Bad Habits You Need To Cut From Your Life

Tuesday, September 28, 2021

 Our habits make us who we are. Everything that happens in our lives is a consequence of some good habits or bad habits. A self-damaging habit is going to influence your life and turn it towards a negative direction. These are simple habits that are engraved in our life and are hard to let go of. But they offer a cumulative impact on our entire lives. Here are some bad habits that you may have and how to turn them into something positive!

Checking Social Media First Thing

It's not a habit we indulge in on certain days of the week; it's something we do all week long. From asking the question, What are you up to? to Did you see that Netflix show last night? The invitation to ponder and continue the conversation seems enticing. So enticing that an entire hour can go into the messaging back and forth, especially when it's combined with sending links to Instagram or Twitter posts you want to share. I am not saying that sharing funny cat videos or what's in the latest news is bad. It's just that those first hours of the day are better suited to something better, such as getting your deep work out of the way.

Deep work can include challenging cognitive tasks such as reading new material, analysing, writing, problem-solving and critical thinking. Set aside the first two hours after waking up to focus. If you don't have sufficient time to do this, train yourself to wake up a bit earlier each week, even if it's only 15 minutes at a time. You can adjust your bedtime if it helps you to get a full night's sleep. Use noise-cancelling headphones and play music so you can focus better. When you finish up, use the first big break of the day to catch up on all those topics you enjoy discussing with friends. Getting work done in the morning can free up your day and help you to be more productive!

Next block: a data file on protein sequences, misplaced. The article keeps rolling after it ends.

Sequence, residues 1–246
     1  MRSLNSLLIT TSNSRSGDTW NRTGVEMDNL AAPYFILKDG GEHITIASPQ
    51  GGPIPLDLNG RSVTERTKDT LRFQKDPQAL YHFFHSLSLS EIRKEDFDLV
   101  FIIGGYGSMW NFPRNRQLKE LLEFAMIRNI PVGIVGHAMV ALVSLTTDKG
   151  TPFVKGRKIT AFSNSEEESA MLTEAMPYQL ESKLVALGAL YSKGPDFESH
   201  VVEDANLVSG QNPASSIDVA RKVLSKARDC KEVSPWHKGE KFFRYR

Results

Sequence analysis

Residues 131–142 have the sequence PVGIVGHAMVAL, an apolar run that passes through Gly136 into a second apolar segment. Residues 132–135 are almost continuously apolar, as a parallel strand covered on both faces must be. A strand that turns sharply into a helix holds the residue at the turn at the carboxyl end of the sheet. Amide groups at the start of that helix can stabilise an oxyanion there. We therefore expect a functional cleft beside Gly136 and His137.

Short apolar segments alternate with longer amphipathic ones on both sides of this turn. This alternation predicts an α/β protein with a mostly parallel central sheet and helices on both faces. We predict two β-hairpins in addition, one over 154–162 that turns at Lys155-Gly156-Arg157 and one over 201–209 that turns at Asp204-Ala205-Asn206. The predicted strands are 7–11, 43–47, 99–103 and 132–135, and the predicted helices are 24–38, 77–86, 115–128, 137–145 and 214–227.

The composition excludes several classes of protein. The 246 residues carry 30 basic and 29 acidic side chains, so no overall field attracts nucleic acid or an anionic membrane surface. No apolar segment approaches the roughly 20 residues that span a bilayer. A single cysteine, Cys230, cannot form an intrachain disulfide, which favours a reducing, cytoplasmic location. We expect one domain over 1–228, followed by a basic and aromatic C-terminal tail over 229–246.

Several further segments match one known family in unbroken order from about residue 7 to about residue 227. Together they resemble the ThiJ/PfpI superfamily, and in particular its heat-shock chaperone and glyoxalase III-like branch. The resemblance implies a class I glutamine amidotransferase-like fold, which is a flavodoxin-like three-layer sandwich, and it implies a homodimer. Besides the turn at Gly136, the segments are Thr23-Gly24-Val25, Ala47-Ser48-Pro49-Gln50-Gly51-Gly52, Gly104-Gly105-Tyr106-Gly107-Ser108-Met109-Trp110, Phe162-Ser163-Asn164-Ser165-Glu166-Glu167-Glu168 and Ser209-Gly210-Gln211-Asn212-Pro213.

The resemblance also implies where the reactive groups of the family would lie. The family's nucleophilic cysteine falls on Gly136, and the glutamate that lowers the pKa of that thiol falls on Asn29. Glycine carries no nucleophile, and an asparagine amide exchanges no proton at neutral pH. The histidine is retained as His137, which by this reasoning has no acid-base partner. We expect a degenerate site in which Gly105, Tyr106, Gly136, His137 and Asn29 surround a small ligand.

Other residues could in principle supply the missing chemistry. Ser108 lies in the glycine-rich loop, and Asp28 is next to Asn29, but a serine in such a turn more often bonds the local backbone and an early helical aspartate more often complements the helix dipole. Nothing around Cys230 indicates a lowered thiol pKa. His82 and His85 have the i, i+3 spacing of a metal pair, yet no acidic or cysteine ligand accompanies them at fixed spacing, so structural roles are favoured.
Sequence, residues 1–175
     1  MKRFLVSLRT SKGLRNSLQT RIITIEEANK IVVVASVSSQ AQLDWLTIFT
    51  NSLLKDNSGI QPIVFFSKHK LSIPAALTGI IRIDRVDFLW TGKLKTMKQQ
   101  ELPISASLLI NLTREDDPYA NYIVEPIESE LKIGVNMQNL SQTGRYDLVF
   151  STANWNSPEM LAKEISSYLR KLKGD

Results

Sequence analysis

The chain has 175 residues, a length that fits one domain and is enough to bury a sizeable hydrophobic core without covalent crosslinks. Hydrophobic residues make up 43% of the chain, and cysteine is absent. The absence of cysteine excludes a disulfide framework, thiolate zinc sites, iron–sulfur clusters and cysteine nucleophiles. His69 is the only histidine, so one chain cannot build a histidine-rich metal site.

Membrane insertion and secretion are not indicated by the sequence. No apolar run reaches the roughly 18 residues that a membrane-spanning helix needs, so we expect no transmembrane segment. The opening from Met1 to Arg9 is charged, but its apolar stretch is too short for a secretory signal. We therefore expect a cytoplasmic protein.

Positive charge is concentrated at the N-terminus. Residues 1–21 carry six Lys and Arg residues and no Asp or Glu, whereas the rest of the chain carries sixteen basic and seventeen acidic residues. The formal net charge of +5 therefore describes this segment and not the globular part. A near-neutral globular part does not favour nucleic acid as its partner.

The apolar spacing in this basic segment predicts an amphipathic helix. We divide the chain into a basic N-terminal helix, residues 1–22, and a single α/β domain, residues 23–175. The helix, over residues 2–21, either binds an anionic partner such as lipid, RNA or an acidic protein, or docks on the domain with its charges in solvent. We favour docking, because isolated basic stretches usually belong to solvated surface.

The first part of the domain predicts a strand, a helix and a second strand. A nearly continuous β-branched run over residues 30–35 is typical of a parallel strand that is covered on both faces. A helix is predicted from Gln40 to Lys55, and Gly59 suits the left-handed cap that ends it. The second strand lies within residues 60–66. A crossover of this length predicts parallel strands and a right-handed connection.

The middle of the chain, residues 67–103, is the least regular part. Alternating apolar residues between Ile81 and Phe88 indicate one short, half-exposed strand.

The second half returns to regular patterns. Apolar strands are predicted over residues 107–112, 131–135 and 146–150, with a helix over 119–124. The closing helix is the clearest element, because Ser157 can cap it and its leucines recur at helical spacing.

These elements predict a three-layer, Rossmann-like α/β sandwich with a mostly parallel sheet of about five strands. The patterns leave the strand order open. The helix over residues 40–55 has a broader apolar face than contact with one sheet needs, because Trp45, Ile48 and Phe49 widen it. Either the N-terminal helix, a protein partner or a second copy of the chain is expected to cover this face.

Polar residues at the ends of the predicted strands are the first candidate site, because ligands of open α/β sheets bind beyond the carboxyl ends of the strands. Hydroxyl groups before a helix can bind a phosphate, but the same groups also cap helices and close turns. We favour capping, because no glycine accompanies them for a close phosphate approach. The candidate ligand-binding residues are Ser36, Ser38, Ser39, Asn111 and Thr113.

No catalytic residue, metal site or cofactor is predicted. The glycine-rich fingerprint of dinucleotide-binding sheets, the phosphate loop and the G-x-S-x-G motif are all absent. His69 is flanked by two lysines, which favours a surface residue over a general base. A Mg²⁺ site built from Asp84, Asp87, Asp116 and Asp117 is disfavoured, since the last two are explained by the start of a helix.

Related: Productive Thing To Do When You're Bored

Organizing Your Workday Around Your Inbox

This habit is even more challenging because most of us work on computers for a living. Most tasks are delegated and monitored via our inbox. It's no surprise that the first activity of the workday for most people is to check what's in it, so we know how to organize the day. The biggest problem with this habit? You put yourself in reactive mode because you respond to other people's requests instead of prioritizing your projects.

It will take a while to retrain your brain not to do everything from your inbox but give it a try. You'll notice results very quickly in terms of your work productivity. Instead of using the inbox as your planning tool, dedicate a notebook to writing down all the items you need to start or complete each day in bulleted list format. Be sure you're aware of the due dates of tasks so you can prioritize. Then, go down the list, starting with the items that are the most challenging. Check and respond to emails first around midday and then again in 2 to 3 hours. Give your inbox a glance at the end of the workday to get a preview of what's coming. 

Related: How To Plan A Productive Admin Day!

Procrastinating The Big Things

That sounds counter-intuitive. Because if there's anything we should be devoting our energy to, it's the big things that matter to us:

• How to reach a big goal.
• How to overcome a personal challenge.
• How to improve our relationships with people closest to us.